March 18, 2023 / 2 minute read
What Exactly Happens to Your Recycled Laundry Detergent Bottles?
Written by Kristen Rinehart, Vice President and General Manager of Recycling
At ADS, we are incredibly excited to celebrate Global Recycling Day today. Because for us, plastic recycling isn’t just the right thing to do, it’s absolutely critical to our business success. Roughly 50% of the plastic we purchase is recycled. It’s often more affordable than virgin plastic and has the added bonus of being much more kind to our environment, communities, lakes, streams and oceans. We recycled some 600 million pounds of plastic last year, transforming it into the stormwater pipes and chambers we produce to manage our most precious resource: water.
Ultimately, our goal is to utilize more than 1 billion pounds of recycled plastic annually by 2032. It won’t be easy to get there. But thanks to partnerships with Materials Recovery Facilities (MRFs) across the country, including Rumpke, Waste Management, FCC Environmental Services and many others, we have a proven process that keeps getting more efficient at converting plastics from the curbside and collection sites to ADS pipes in the ground. Here, in a nutshell, is how that works:
It starts at the curb: At ADS, we recycle mostly high-density polyethylene (HDPE), so I’ll focus there. When you see a #2 symbol on consumer plastics products, you are looking at HDPE — most commonly used for milk, shampoo, detergent and other nontransparent containers. When residents put plastics into their recycling bins at the curb, our MRF partners pick them up and send them to their sorting facilities. Did you know, about 40% of Americans don’t have access to curbside recycling programs? So, ADS is consistently working with partners such as the Recycling Partnership, to help all of us recycle more. Do you know your municipality’s policies on recycling?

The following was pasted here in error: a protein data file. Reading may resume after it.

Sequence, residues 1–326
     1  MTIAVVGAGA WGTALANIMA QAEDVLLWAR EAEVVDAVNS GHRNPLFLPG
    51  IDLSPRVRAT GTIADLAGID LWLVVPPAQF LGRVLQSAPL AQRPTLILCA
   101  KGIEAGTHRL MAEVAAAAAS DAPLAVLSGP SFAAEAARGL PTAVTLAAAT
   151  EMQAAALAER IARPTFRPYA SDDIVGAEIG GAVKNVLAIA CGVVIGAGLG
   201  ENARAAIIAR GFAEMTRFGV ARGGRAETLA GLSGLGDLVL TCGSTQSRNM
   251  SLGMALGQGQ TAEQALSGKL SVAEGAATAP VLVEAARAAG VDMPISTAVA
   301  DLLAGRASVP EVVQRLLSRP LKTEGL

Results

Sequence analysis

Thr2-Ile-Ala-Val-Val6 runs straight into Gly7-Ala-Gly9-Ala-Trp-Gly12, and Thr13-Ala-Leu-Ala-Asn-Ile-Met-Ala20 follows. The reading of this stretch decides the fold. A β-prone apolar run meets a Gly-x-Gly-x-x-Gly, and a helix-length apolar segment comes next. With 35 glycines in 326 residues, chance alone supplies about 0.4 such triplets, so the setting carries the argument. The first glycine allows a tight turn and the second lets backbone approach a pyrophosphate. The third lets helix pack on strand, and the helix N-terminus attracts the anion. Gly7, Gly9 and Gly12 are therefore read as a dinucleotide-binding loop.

MRF sorting: A combination of human power and machine sorting separates the various types of plastics, cardboard, glass, metals and other waste that make their way to these sorting facilities. Like Willy Wonka’s chocolate factory — only more messy — amazing technology shakes, turns and separates these materials. Then, near-infrared sensors trigger hundreds of individual air nozzles that literally shoot the HDPE off to conveyors to where the plastic items are compressed into bales and sent to ADS.
ADS Recycling steps in: When those bales arrive at one of ADS’ recycling facilities, our workers step in to do an initial separation to ensure the HDPE is isolated in our recycling stream. Anything that doesn’t make the cut (glass, aluminum, other plastics) is collected and resold or recycled. At our facilities, we also gather post-industrial plastics such as pallets, containers, automotive parts, trays and films from other partners.
The plastic is then ground to small flakes and sent through high-intensity washers to remove labels and further separate any “heavy” plastics such as PVC and PET, dirt, wood or metals, which sink to the bottom of the washer tanks. Agitators further scrub the HDPE of other pollutants such as paper and glues, and then the plastic flake is placed in massive dryers, which remove moisture from the material.
An elutriator — a fancy word for another dryer — removes any remaining fluff, and, then the clean plastic is mixed with other materials aligned to recipes created and perfected by ADS materials scientists. That specific mix is then melted, further filtered and diced into tiny pellets, which are cooled in a water bath and dried. These pellets are blended with other materials to achieve the material properties required to meet the pipe performance standards. Rigorous material testing ensures we provide the 35+ ADS pipe manufacturing plants with the highest-quality recycled plastic pellets.
ADS manufacturing plants: The plastic pellets are melted and formed into stormwater pipes that are then delivered to infrastructure, residential, industrial, agricultural and environmental stormwater projects all over North America.
And that’s where you’ll find our plastic pipes with the notable green stripe. It’s certainly not a simple process to turn single-use plastics from the curb into high-quality plastic pipes, where they can last underground upward of 100 years. It’s a process that we’re constantly reviewing and improving in order to deliver the best product while keeping as much plastic out of landfills as possible. ADS takes short-term, single-use plastics and converts them to a long-term use solution that protects and serves our communities for decades.
If you’re interested in learning more about ADS Recycling, or how you can partner with us to recycle even more plastic, please reach out to me at firstname.lastname@example.org.